Review: TexARTS Theater's Sweeney Todd

Despite fruitless tweaks to the storytelling, this is a tale that still has bite

Matt Wade as Sweeney Todd and Sarah Fleming Walker as Mrs. Lovett
Matt Wade as Sweeney Todd and Sarah Fleming Walker as Mrs. Lovett (Photo by April Paine Photography)

Stephen Sondheim and Hugh Wheeler's angry, savage, and deeply cynical Sweeney Todd: The Demon Barber of Fleet Street is a brilliant and most unconventional musical.

In it, a despondent barber is out to avenge his wrongful imprisonment and the senseless destruction of his fledgling family. Living in seedy 19th century London, Todd whittles away at his clientele with a straight-edge razor as the fruits of his labor are processed into meat pies and sold in the shop below by Todd's delightfully demented landlady, Mrs. Lovett. Todd lies in wait until the judge that set this madness in motion, now lecherous guardian of Todd's daughter, Johanna, walks through his door to receive the closest shave he's ever had.

The show's eccentricities don't stop with a homicidal hero or the tendency to gravitate toward the macabre. Most characters are similarly impervious to goodness and redemption. Its songs are often void of melody and lack that hummable quality found desirable in conventional show tunes. And, with its blatant disregard for anything resembling choreography and 85% of its melodramatic story being sung, the musical is damn near an opera. So much so that Austin Opera will stage its own production in 2023.

Still, Sweeney is not eccentric enough for TexARTS Theater. In its production, director Kasey RT Graham and designers Donna Coughlin (scenic) and Aaron Kubacak (costume) transport the play to the 21st century. Graham also reduces the sizable dramatis personae to a cast of eight, with many doubling up on roles and most populating ensemble numbers like "God, That's Good!" and "Pirelli's Miracle Elixir." He also embraces gender-blind casting and replaces the orchestra and the show's full orchestration with just music director Lyn Koenning on keyboard and on stage.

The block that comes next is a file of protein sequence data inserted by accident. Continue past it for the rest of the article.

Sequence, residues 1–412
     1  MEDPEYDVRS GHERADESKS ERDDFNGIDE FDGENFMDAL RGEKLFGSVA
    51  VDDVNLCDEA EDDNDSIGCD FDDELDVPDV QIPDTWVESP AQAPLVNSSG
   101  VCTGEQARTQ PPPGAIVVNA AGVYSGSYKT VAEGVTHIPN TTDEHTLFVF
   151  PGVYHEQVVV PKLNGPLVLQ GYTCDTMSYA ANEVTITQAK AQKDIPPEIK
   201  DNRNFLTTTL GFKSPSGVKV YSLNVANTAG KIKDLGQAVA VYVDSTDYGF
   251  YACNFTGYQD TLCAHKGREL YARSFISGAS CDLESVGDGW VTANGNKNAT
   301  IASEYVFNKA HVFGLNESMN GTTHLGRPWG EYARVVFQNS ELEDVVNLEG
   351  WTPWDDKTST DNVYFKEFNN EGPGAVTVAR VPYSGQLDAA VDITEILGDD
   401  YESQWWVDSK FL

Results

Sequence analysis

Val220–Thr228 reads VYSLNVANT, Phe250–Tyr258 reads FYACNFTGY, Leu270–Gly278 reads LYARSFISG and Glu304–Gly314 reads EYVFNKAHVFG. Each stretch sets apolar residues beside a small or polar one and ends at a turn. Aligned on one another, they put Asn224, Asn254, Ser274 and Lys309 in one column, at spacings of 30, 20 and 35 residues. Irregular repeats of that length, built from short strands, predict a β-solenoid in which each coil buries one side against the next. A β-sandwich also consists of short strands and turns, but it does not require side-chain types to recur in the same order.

This musical has accommodated many creative choices since its Broadway premiere in 1979, including a staging in London's oldest pie and mash shop and a revival that gave all actors instruments. But none of this production's innovations inform the story or enhance the storytelling. Though a limited cast enables the players to move easily through a performance space cluttered with assorted curios not particularly specific to this play's settings, the double-casting decisions are often a distraction and the sacrificed vocal and instrumental support do not do Sondheim's music justice. Worse, they often leave the featured actors naked and untethered on stage while performing their intimate solos and harmonically complicated duets.

Fortunately, these actors are pros and have no trouble holding our attention in a vise grip throughout the production, which is facilitated by Lucinda Culver's dramatic lighting design and spotlight operator Shelby Foshay's pinpoint accuracy. Matt Wade as Sweeney smolders as his pathological obsession with revenge lies in wait and is never far from the surface. His intense rendition of the disturbing "Epiphany," where he comes to terms with his morbid calling and then rails against the universe, is riveting. Riveting, too, is Sarah Fleming Walker's turn as Mrs. Lovett. She manages the musical's drama and pitch-black gallows humor with equal aplomb. The musical number "By the Sea," where Mrs. Lovett charmingly fantasizes about going on holiday with a brooding, nonresponsive Sweeney, nearly steals the show.

Other featured performers – Alex Rudd and Sarah Zeringue as innocent romantic leads Anthony and Johanna, respectively; Daniel Winkler as Mrs. Lovett's sweet and simple assistant, Tobias; Ray DeJohn as the deeply disturbed Judge Turpin; and Christian Erben as both his henchman, Beadle Bamford, and asylum operator, Jonas Fogg – are similarly superb in voice and presentation. Rachel Pallante, as the crazed Beggar Woman and rival barber Adolfo Pirelli, is particularly engaging and brings remarkable dimensionality to both roles.

Sweeney Todd, as written, demands much from the company and the audience. This TexARTS production demands even more, but it is hard to argue with the recommendation served up in the show's opening lyric: Attend the tale of Sweeney Todd.

TexARTS Theater's Sweeney Todd

2300 Lohmans Spur #160, Lakeway, 512/852-9079,
Through Feb. 27
Running time: 2 hr., 30 min.

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